Stop Texting During Meetings. It's Rude!

Last Updated May 18, 2010 11:04 AM EDT

Put...the BlackBerry...down. If you're texting during a meeting, you're insulting the presenter. Of course, the presenter is probably guilty of the same behavior when someone else is running the show.

That's the bottom line of a decade-long "incivility" study of 9,000 managers and workers. Writing for The New York Times, Christine Pearson notes that workers who text or e-mail during meetings suffer from the "illusion that multitasking can aid productivity."

What's more, interacting with your phone or computer while working with colleagues will likely have this result:

...if you ignore your colleagues while jabbering on your cellphone, keep others waiting for an appointment while you check your e-mail or send something electronically that should be delivered in person, some people will see you as inconsiderate.

One of the most annoying examples is texting and checking e-mail while working with colleagues. Some workers would call this disruptive; others would say it is downright insulting.

I admit it: I occasionally check my e-mail during meetings, but only because I'm bored. However, I rarely do so in social situations, like when I'm eating dinner with friends or family. And if I do, I apologize for it and explain that I'm dealing with something important (which I am).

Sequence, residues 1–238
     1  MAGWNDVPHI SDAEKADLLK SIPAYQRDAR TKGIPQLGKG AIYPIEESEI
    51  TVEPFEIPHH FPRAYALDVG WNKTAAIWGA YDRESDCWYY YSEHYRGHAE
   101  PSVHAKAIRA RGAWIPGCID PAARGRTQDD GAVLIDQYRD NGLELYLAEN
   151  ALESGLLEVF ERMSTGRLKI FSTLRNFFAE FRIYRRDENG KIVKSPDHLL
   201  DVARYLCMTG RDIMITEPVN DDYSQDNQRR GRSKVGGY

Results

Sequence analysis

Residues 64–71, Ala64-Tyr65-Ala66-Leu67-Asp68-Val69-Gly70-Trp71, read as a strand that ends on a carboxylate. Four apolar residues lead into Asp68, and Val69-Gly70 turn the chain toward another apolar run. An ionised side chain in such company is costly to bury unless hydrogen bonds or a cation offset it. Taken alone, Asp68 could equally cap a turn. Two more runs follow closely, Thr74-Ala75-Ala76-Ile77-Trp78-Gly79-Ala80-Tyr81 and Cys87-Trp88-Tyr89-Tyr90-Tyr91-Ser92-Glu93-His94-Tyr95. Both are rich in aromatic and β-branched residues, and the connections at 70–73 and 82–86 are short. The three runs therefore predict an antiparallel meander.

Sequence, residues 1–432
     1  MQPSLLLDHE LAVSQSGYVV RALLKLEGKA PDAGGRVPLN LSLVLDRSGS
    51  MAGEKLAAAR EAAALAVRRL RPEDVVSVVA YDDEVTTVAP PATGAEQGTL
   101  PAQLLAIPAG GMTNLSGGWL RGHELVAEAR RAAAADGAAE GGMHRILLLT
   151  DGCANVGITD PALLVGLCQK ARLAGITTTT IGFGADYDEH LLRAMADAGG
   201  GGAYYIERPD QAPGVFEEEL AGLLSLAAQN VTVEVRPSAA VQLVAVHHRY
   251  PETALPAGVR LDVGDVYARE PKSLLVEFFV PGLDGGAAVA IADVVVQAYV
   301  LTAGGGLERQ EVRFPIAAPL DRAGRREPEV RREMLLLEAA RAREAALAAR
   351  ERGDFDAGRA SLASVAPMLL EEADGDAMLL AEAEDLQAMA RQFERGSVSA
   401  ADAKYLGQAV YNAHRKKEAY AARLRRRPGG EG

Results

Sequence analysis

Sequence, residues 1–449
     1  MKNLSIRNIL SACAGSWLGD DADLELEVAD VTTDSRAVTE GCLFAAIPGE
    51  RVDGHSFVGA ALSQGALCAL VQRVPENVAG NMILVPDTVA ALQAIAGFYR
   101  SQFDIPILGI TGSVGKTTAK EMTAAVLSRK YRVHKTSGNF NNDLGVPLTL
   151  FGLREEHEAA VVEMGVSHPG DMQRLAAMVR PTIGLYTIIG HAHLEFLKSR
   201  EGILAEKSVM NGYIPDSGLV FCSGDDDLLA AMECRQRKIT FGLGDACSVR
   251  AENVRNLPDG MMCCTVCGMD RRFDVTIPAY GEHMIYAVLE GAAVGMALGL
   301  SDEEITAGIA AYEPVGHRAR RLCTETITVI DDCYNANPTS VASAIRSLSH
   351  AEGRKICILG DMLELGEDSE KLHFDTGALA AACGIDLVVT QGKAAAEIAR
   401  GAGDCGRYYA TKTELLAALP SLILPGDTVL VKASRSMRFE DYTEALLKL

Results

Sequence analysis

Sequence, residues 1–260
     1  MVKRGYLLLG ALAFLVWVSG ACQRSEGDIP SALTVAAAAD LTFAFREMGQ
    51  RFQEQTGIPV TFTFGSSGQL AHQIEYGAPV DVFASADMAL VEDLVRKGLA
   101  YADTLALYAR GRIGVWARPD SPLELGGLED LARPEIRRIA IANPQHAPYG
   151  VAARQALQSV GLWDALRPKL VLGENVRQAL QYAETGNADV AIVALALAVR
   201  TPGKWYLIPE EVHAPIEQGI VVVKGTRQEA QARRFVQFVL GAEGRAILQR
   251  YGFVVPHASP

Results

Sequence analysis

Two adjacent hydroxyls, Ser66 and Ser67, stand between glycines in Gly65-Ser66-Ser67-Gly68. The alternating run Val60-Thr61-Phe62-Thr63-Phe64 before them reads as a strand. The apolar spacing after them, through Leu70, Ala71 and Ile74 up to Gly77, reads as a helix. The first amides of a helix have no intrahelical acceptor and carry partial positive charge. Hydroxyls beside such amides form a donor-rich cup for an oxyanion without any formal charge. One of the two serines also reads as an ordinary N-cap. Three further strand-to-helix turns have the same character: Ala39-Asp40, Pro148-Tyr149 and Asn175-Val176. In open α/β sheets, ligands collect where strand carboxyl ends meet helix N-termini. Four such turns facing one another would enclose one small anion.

What about you? Are you talking, texting, or typing when you should be listening? If so, the NYT article offers tips on how to break the habit, including:

  • Keep your own use of electronic devices at a minimum when interacting with others. If you have an urgent need to use one, let others know.
  • If you are on the receiving end of an electronic disappearing act and want face-to-face attention, politely ask for it.
Your turn: hit the comments and share your thoughts on this rude (but ubiquitous) behavior. (Photo by Joi)
More on BNET:
  • Rick Broida On Twitter»

    Rick Broida, a technology writer for more than 20 years, is the author of more than a dozen books. In addition to writing CNET's The Cheapskate blog, he contributes to CNET's iPhone Atlas.